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5 definitions found
 for Some
From The Collaborative International Dictionary of English v.0.48 :

  -some \-some\ (-s[=o]m).
     A combining form or suffix from Gr. sw^ma (gen. sw`matos) the
     body; as in merosome, a body segment; cephalosome, etc.
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From The Collaborative International Dictionary of English v.0.48 :

  -some \-some\ (-s[u^]m). [AS. -sum; akin to G. & OHG. -sam,
     Icel. samr, Goth. lustusams longed for. See Same, a., and
     cf. Some, a.]
     An adjective suffix having primarily the sense of like or
     same, and indicating a considerable degree of the thing or
     quality denoted in the first part of the compound; as in
     mettlesome, full of mettle or spirit; gladsome, full of
     gladness; winsome, blithesome, etc.
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From The Collaborative International Dictionary of English v.0.48 :

  Some \Some\ (s[u^]m), a. [OE. som, sum, AS. sum; akin to OS.,
     OFries., & OHG. sum, OD. som, D. sommig, Icel. sumr, Dan.
     somme (pl.), Sw. somlige (pl.), Goth. sums, and E. same.
     [root]191. See Same, a., and cf. -some.]
     1. Consisting of a greater or less portion or sum; composed
        of a quantity or number which is not stated; -- used to
        express an indefinite quantity or number; as, some wine;
        some water; some persons. Used also pronominally; as, I
        have some.
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              Some theoretical writers allege that there was a
              time when there was no such thing as society.
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     2. A certain; one; -- indicating a person, thing, event,
        etc., as not known individually, or designated more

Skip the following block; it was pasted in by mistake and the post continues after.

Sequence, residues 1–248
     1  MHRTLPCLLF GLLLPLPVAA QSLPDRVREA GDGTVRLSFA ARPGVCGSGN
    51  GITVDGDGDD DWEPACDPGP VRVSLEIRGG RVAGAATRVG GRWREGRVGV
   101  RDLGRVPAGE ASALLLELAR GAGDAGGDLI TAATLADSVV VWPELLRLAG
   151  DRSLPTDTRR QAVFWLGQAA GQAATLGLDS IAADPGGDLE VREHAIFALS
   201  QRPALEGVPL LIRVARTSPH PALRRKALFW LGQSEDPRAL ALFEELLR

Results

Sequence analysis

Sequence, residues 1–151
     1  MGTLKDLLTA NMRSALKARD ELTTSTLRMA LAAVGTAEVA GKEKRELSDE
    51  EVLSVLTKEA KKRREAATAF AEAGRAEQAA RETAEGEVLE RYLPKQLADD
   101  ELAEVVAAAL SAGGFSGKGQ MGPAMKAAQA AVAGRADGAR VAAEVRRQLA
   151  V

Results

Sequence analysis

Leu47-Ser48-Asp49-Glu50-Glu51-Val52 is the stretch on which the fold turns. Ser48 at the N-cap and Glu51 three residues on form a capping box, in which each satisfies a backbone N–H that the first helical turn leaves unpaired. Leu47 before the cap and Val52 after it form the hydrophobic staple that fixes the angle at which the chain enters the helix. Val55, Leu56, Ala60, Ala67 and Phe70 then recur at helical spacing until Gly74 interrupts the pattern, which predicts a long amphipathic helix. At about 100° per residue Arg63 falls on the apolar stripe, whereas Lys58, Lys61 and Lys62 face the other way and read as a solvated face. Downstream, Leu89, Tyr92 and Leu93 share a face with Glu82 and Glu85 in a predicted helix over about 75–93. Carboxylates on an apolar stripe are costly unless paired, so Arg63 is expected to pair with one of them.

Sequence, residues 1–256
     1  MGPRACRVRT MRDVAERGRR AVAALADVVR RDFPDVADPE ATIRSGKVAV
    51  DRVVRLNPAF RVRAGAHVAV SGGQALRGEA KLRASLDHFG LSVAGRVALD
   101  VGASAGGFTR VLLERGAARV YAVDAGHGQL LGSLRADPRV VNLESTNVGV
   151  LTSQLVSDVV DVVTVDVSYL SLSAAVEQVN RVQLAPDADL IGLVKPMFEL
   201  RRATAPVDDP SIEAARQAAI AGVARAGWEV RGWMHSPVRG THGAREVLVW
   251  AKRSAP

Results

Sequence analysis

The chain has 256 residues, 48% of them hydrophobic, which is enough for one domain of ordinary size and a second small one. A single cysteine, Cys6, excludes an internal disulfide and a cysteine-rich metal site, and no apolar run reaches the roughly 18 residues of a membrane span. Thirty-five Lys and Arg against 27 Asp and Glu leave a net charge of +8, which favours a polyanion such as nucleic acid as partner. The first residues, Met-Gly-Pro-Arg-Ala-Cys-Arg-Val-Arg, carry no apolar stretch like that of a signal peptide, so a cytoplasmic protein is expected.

specifically; as, some man, that is, some one man. "Some
        brighter clime." --Mrs. Barbauld.
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              Some man praiseth his neighbor by a wicked intent.
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              Most gentlemen of property, at some period or other
              of their lives, are ambitious of representing their
              county in Parliament.                 --Blackstone.
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     3. Not much; a little; moderate; as, the censure was to some
        extent just.
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     4. About; near; more or less; -- used commonly with numerals,
        but formerly also with a singular substantive of time or
        distance; as, a village of some eighty houses; some two or
        three persons; some hour hence. --Shak.
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              The number slain on the rebel's part were some two
              thousand.                             --Bacon.
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     5. Considerable in number or quantity. "Bore us some leagues
        to sea." --Shak.
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              On its outer point, some miles away.
              The lighthouse lifts its massive masonry.
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     6. Certain; those of one part or portion; -- in distinction
        from other or others; as, some men believe one thing,
        and others another.
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              Some [seeds] fell among thorns; . . . but other fell
              into good ground.                     --Matt. xiii.
                                                    7, 8.